The words “sublime,” “indescribable,” and “gorgeous” fail to capture the beauty of Takhlakh Lake, whose views of Mt. Adams rival any postcard or picture of the Cascades. Only 36 acres in size, Takhlakh (TOCK-a-lock) receives strong plantings of good-sized catchable rainbows every summer after its late June or early July access opening. The lake also holds populations of cutthroat, brown and brook trout. Takhlakh doesn’t typically ice out until late spring, and forest roads leading to the lake usually aren’t snow-free until early summer – two reasons for the late opening of the Forest Service’s popular Takhlakh Lake Campground. The fishing starts out hot and remains so throughout the summer. The campground has 46 tent sites and 53 RV sites, accepting reservations and providing a boat launch for small craft. Only electric motors are allowed.

Nearby and slightly larger Council Lake is an great destination on its own, and a fine alternative if Takhlakh’s 54 campsites are full. Council features rainbow, brook and brown trout and a smaller, more rustic – and free – Forest Service campground. Come prepared to deal with sometimes-thick mosquitoes at both lakes and elsewhere in the forest, which remains buggy until the first frosts of the fall.

Goose Lake is another popular destination

Photo: Young man holding trout and fishing rod.
Goose Lake provides good fishing all summer. Photo by Buzz Ramsey

Goose Lake, one of the most popular lakes near Mt. Adams, is similarly snowbound until late spring. As at other lakes in the area, fishing is good through the summer due to strong plants of catchable brown, rainbow and coastal cutthroat trout.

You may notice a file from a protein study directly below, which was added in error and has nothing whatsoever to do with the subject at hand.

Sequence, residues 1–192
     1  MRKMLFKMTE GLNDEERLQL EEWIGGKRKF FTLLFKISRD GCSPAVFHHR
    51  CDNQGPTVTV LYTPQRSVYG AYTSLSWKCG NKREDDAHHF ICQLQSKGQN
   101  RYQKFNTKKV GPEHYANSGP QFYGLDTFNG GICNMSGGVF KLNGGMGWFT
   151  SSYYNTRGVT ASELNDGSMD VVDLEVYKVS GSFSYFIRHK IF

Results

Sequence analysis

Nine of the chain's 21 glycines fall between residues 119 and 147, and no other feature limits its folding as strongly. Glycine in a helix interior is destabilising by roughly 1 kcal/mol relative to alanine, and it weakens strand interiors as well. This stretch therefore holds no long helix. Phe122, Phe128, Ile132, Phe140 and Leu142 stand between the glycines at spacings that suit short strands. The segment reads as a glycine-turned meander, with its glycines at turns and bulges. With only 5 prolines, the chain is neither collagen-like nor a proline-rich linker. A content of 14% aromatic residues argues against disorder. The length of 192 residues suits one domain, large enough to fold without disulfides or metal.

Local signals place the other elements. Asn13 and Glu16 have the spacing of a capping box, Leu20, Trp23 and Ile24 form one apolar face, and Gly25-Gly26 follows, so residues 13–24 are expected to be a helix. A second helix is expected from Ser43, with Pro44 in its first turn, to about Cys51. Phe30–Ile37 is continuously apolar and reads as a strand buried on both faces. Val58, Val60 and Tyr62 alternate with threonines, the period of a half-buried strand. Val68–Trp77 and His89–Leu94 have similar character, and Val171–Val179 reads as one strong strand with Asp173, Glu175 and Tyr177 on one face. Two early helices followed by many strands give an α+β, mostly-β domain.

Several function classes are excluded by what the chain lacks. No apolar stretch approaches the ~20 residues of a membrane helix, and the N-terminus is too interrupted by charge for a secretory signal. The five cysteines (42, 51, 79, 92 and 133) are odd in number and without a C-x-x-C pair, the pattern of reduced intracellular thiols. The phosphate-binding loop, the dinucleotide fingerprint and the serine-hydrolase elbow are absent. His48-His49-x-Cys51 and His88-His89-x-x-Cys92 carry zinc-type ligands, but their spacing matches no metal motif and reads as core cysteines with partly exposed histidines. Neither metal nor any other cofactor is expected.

Goose Lake occupies 78 acres north of Carson and includes the Forest Service’s Goose Lake Campground, with 18 sites and a modest boat launch best suited to small boats, float tubes, pontoons, and cartoppers. Only electric motors are allowed.

Anglers typically find success at Goose and other Mt. Adams-area lakes by casting spinners, spoons, flies and bait. Trolling is also popular, especially dragging wet flies – damselflies, Woolly Buggers, Carey Specials, small leeches and small Muddler Minnows – behind full-sinking fly lines.

Plenty of opportunities for hike-in fishing

Many backcountry lakes throughout the ranger district offer good hike-in fishing opportunities, and Indian Heaven Wilderness is especially popular for its mix of easy and more difficult hikes to lakes stocked with trout. The 21,000-acre wilderness is located in the highlands between Mt. Adams and the Columbia River Gorge, and features 42 miles of trails and more than 150 small lakes. It is sacred to indigenous people who still gather edibles, especially huckleberries, from its revered berry patches.

The Gifford Pinchot National Forest also features numerous drive-up and hike-in fishing options. Opportunities for small stream angling exists in each of the three ranger districts, but the multitude of easily accessible, fish-bearing lakes presents the best fishing opportunities near Mt. Adams, along with excellent camping.

The Skamania County Chamber of Commerce and Destination Packwood Association have more information about the area, its activities, scenic drives and more.